By Therese Borchard
In the last 30 years, a flurry of research has surfaced about the positive effects of yoga on depression and anxiety. A recent study from the Duke University Medical Center suggests that having a regular yoga practice can be as effective as an antidepressant for relieving mild depression. How? Regular practice of yoga raises GABA levels, which you need if you want to feel peachy.
Can't keep your Downward Dog on the up and up? See if any of these anti-yoga excuses ring a bell:
But... yoga reminds me of my painful childhood. I have gone to great lengths to let go of the image of my mom in her '70s yoga gear, eyes closed, chanting "om" with a bunch of hippies. That time of our lives was difficult; she was trying to get over her heartbreak after my dad left and took his new bride to Paris. However, we have to redefine these kinds of associations as adults. "A grown-up is supposed to possess himself, to be his own person, to make decisions according to his wishes and his best judgment," wrote Howard Halpern in Cutting Loose: An Adult's Guide to Coming to Terms with Your Parents. When it comes to yoga, I need to do that.
But... I can't sit still. Doing yoga shouldn't feel like taking a standardized test, but the thought of spending an hour or more sitting still gave me GRE-test-taking flashbacks. The purpose of yoga is to slow your body and mind to a contemplative stillness. In her book When Things Fall Apart, Buddhist author Pema Chödrön says this of stillness: "Relax as it is. Once we know this instruction, we can put it into practice." Translation: In time, I'll stop counting the cracks on the wall and be still myself.
But... I don't sweat. I can't help but feel that if I'm dedicating an hour plus to a physical activity, I need to burn calories. My time is precious, so my workouts fall into one of three categories: calorie-burning exercise, pleasurable activities or work. Yoga doesn't fit into any of those. When I started practicing yoga, I sat in Lotus Pose obsessing about the calories that I wasn't burning off. Turns out I'd landed in a gentle yoga class -- a terrible match for me. I would have saved myself a considerable amount of time and effort had I asked myself the questions that Yoga Journal asks as part of its quiz for identifying yoga intentions.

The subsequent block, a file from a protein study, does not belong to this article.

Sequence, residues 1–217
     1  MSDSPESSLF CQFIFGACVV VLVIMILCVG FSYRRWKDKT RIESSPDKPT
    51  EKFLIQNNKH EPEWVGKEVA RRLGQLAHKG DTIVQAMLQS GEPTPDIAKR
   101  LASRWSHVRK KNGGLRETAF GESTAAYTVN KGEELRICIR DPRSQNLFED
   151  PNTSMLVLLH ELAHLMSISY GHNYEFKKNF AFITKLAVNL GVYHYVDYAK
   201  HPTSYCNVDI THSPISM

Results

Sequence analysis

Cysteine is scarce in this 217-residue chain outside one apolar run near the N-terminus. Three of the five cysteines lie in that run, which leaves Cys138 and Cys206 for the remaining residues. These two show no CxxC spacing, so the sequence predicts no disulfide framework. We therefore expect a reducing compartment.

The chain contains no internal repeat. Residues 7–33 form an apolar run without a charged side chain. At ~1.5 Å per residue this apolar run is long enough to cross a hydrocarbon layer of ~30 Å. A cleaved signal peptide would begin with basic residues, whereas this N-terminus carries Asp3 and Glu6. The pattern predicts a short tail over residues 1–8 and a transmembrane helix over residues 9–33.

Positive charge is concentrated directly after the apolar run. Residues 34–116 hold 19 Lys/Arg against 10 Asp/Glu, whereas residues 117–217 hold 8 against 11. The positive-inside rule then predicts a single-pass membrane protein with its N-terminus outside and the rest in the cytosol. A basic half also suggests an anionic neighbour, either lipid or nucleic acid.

But... I don't have a third eye. One instructor at yet another yoga class I tried told us to look out of our third eye. What the hell is that?! I looked around the room, and apparently everyone else had one and was comfortable with that directive. I now know that accessing the third-eye chakra is helpful when making decisions, but finding it can be difficult without full concentration.
But... I hate group activities. Group activities like yoga remind me of the group therapy I was forced into when I was hospitalized for depression. They wouldn't discharge me without six weeks of it. I loathe any kind of group exercise where you have to meditate or admit personal details about your life to strangers; even greeting each other's inner lights makes me a tad squeamish. However, according to research conducted by Dr. P. Murali Doraiswamy, the group element could very well contribute to yoga's antidepressant effect. Go figure.
But... I'm Catholic. I'm not one of those Catholics who think our club is comprised of the elites with first-class tickets to heaven and everyone else is destined for Dante's eternal fires. I studied world religions and spent time in India. I'm open-minded. However, I grew up saying novenas and rosaries as a way to silence my thoughts and gain spiritual perspective. So I'm comfortable reciting 10 Hail Marys followed by a Glory Be. Too much Buddhist talk makes me feel like I'm cheating on my peeps.
Those are just the excuses that propelled this Goldilocks-turned-yogi to do a lot of experimenting before finding her home in Bikram Yoga. It's plenty aerobic and gives me the endorphin rush I crave. Who knew I'd love to sweat in a 105-degree room? I'm even able to stop counting the cracks on the walls, concentrate on my breathing and feel a little of that stillness yoga people always talk about.